Got Your 6 celebrates Black History Month by featuring veterans
Maurice Decaul’s military action was inspired by his family’s encyclopedia: “I grew up in a pre-internet world so the encyclopedia was possessed of a wealth of knowledge and I greedily consumed it. What does this have to do with why I joined the military? Well as a child I had an uncanny interest in technology especially aircraft. I would read the encyclopedia for information about airplanes.”
Though Maurice never became a pilot, he enlisted and became an artilleryman and later an infantryman in the U.S. Marine Corps; still, he continued to be an “aerospace geek.” Maurice was interested in both the individual and collective struggle of ground combat, seeing the necessary value of both. This fascination started at a young age when he played war games with other kids. Maurice’s involvement in the military was also driven by his desire for citizenship, as he did not become an American citizen until after the completion of his active service.
When Maurice returned home from his military service, he used poetry and writing to ease his transition into civilian life and discovered a new passion in the process. He is now a poet, essayist and playwright and has been featured in The New York Times and The Daily Beast.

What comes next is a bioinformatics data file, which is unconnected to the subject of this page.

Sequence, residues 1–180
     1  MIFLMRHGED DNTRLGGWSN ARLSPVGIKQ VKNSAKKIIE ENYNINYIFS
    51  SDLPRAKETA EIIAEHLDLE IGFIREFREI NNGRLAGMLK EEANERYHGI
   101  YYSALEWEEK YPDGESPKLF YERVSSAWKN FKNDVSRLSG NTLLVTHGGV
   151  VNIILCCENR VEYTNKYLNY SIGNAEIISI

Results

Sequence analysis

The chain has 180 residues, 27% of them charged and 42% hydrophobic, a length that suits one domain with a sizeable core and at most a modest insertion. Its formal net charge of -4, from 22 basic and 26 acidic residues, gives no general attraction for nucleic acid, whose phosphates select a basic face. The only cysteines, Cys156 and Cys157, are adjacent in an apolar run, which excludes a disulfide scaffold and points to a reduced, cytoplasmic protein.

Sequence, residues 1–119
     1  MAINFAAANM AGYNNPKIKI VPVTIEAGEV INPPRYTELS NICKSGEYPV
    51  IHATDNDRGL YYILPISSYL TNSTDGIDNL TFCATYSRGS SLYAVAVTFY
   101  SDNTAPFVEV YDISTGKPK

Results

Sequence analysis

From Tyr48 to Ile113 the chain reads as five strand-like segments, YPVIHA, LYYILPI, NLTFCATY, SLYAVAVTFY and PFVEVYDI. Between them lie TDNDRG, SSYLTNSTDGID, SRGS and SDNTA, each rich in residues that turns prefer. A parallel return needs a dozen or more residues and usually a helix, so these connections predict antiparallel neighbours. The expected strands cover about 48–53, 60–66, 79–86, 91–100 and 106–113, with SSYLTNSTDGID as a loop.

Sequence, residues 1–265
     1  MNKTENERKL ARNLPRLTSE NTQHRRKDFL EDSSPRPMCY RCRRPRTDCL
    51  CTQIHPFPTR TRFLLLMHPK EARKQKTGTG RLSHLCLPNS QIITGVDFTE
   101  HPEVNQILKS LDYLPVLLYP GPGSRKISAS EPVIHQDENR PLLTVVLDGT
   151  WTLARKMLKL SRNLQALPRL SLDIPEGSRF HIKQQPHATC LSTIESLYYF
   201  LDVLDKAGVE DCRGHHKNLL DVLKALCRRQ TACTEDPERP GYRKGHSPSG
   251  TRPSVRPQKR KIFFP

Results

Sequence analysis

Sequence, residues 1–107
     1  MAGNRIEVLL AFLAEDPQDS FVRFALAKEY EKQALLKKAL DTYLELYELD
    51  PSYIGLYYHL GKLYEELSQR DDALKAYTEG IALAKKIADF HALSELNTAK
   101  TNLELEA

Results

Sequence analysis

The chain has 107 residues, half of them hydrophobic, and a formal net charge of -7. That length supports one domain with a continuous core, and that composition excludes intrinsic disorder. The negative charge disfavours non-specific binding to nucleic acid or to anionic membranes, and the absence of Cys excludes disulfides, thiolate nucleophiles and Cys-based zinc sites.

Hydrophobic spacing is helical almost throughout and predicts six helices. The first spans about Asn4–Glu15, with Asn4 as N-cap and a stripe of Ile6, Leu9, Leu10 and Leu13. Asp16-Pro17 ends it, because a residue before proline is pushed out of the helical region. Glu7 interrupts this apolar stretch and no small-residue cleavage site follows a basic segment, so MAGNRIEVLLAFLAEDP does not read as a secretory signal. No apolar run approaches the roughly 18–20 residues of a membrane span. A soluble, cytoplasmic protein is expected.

After his service, Maurice took away with him a sense of self-discipline. The self-discipline that he used in the military has been translated into his work as a writer, and he strives to improve his writing everyday. “Even though I travel frequently I maintain enough self-discipline to carve out time to work in the field. I gained the ethic in the Marines as a youngster and it hasn’t been lost to me,” Maurice said in the blog post.
Maurice’s story appeared on our campaign Got Your 6’s blog as part of the celebration of Black History Month. Throughout February, the stories of military veterans will be shared on the blog; each story will explain what led these veterans to serve in the military and how they continue to serve their country at home.